God has wonderful promises for us as we travel on through life and into later years.The best news is that,inside we need never grow old because He has actually promised to renew our youth day by day.

Isaiah 40:31

Tuesday, 20 February 2018

The 'older generation'

There are four generations in this photograph, dated June 1949.

There is me on my Mother Phyllis's lap, as I was born 30th May 1949 am not very old! Mother is 32 years old. Behind her is her sister Olive aged 27 years old, just recently married and to the left her sister Edna, aged 29 years. In front of her is their Mother Annie gently restraining Edna's eighteen month son. And there in the middle is Grandma Curzon...

Early on Sunday morning 18th February, my Aunt Edna peacefully passed away. A blessed release after ten months of torment. She was 96 years old.

This was taken Summer 2016 doing what she has always loved doing...growing flowers, lots and lots of them, she takes after her Father, who was a champion rose grower among other things, flowers filled his garden too, as well as grapes in a small greenhouse, that he kept locked to keep the grandchildren from helping themselves. It was a special occasion when he picked a bunch and shared them out between us. That's me on the right with glasses on. My cousin in the front of the picture is wearing callipers to correct her dislocated hips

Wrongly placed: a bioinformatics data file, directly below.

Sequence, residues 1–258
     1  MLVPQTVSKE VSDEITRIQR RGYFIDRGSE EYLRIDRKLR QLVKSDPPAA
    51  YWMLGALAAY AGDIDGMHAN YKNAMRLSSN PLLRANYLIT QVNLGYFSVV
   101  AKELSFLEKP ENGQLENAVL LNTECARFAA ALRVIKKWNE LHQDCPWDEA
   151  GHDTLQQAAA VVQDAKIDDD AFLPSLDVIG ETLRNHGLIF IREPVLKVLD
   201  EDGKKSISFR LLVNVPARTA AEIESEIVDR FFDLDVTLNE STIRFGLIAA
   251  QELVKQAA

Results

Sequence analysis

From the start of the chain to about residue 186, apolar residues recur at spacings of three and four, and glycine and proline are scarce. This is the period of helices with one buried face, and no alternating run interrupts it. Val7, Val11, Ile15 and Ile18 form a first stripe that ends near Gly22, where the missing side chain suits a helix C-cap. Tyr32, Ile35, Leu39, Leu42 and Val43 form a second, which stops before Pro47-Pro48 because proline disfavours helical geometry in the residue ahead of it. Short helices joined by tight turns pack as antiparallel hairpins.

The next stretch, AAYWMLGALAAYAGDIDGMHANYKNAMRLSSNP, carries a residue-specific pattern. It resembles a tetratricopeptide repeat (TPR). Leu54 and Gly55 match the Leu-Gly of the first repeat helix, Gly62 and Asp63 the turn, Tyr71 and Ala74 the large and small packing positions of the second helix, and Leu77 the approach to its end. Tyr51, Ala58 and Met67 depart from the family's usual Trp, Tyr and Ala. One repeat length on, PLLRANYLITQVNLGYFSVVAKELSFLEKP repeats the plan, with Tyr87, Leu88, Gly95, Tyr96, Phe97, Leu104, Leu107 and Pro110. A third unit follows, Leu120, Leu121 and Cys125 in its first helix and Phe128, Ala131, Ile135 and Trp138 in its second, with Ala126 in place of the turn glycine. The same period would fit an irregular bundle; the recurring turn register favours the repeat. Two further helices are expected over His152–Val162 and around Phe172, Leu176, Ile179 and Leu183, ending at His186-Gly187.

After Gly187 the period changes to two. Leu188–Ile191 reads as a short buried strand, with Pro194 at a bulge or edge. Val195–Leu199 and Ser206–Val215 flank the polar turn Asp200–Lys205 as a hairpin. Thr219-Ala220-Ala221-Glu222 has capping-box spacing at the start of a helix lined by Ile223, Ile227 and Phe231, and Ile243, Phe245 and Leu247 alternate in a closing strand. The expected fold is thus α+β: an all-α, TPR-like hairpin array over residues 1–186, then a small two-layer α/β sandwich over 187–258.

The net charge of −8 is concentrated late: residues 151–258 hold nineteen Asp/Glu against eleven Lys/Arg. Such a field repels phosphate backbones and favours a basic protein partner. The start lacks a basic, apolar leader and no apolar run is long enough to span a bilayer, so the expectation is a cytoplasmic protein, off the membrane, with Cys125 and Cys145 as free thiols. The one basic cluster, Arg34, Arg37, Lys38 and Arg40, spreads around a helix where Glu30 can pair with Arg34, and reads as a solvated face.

Then ten months ago she bent down to pluck an errant weed from the flower bed and her back snapped......twelve weeks in hospital followed then transfer to a nursing home, she hated losing her independence and most of all her flowers......

Then my cousin and family took a long weekend away in Wales, coming back to find my Aunt had been deprived of food and water for three days, by accident or design, that is now under investigation.
My cousin called the ambulance, not the care staff and she was taken into hospital at the beginning of last week,(Monday 12th February) but too late.

No life should end like this.

As the news filtered through to the rest of the extended family I received an email that ended with the words..."What does it feel like to now be the older generation?"

The realisation that there are no more of the "older generation" left. My Mother died twenty years ago, her sister Olive thirty years ago. My Uncles also long gone. 
My Father died twenty three years ago  and his younger brother and his wife both died suddenly within weeks of each other in 2016.